I'm willing to admit a taste for the darker corners of the human heart; and The Tax Inspector is another one that'll make you look askance at everyone you pass in the street, wondering what sort of malignancies may linger in their secret caves. The vulgar Catchprice family have been car dealers for several generations (Peter Carey's family were also car dealers) and they all live together, just off the lot, at Sydney's suburban edges. The Catchprices are — let's see — how to be polite about this? You might say they're a tad eccentric. These are some real extreme folks, but (and I think this shows Carey's genius as a writer), you come out of this cataclysmic tale with an all-seeing understanding of the everyday ways people are corrupted.

"Staff Pick" by ,

"The entire story is covered in thick, tar-like humor, delivered with deadpan wit as dry as the martini you'll need to get you through these four apocalyptic days. The whole thing feels dirty. Not dirty like HBO late-night. But, dirty like a city street in a bad neighborhood. Dirty like a back-alley speakeasy. Dirty like thieving Mafia cheats. And, underneath all the soot and grime lies an incredibly compelling tale. Compelling because it's clear that Carey is so charmed by these misfits he evokes a compassion that keeps the cast of characters from turning into strange comic book representations of themselves."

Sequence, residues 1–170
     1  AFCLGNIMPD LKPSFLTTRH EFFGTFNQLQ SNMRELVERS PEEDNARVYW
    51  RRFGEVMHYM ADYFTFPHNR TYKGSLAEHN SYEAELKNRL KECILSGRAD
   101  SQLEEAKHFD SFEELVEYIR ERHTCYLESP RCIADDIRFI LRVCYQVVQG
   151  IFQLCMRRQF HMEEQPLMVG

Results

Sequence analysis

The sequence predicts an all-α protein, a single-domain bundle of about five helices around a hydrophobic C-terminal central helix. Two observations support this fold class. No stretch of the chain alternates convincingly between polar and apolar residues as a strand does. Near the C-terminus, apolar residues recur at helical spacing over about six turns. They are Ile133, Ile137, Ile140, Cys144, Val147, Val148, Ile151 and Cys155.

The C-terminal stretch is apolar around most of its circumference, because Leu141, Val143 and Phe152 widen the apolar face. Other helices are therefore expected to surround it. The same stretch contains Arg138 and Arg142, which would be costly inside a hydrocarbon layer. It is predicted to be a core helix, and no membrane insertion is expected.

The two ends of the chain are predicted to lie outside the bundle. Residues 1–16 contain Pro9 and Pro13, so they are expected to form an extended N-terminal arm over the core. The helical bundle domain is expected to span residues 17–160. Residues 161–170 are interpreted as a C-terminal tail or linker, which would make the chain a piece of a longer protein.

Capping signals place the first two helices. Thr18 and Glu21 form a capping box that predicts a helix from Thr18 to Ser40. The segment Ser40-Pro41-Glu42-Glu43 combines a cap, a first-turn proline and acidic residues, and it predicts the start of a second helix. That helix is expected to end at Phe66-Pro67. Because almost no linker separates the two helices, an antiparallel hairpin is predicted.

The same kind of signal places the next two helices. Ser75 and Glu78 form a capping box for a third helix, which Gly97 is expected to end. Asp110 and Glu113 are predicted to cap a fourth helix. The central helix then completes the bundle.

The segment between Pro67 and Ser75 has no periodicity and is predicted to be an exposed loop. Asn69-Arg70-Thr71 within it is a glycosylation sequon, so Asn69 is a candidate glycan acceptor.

"Staff Pick" by ,

I'm willing to admit a taste for the darker corners of the human heart; and The Tax Inspector is another one that'll make you look askance at everyone you pass in the street, wondering what sort of malignancies may linger in their secret caves. The vulgar Catchprice family have been car dealers for several generations (Peter Carey's family were also car dealers) and they all live together, just off the lot, at Sydney's suburban edges. The Catchprices are — let's see — how to be polite about this? You might say they're a tad eccentric. These are some real extreme folks, but (and I think this shows Carey's genius as a writer), you come out of this cataclysmic tale with an all-seeing understanding of the everyday ways people are corrupted.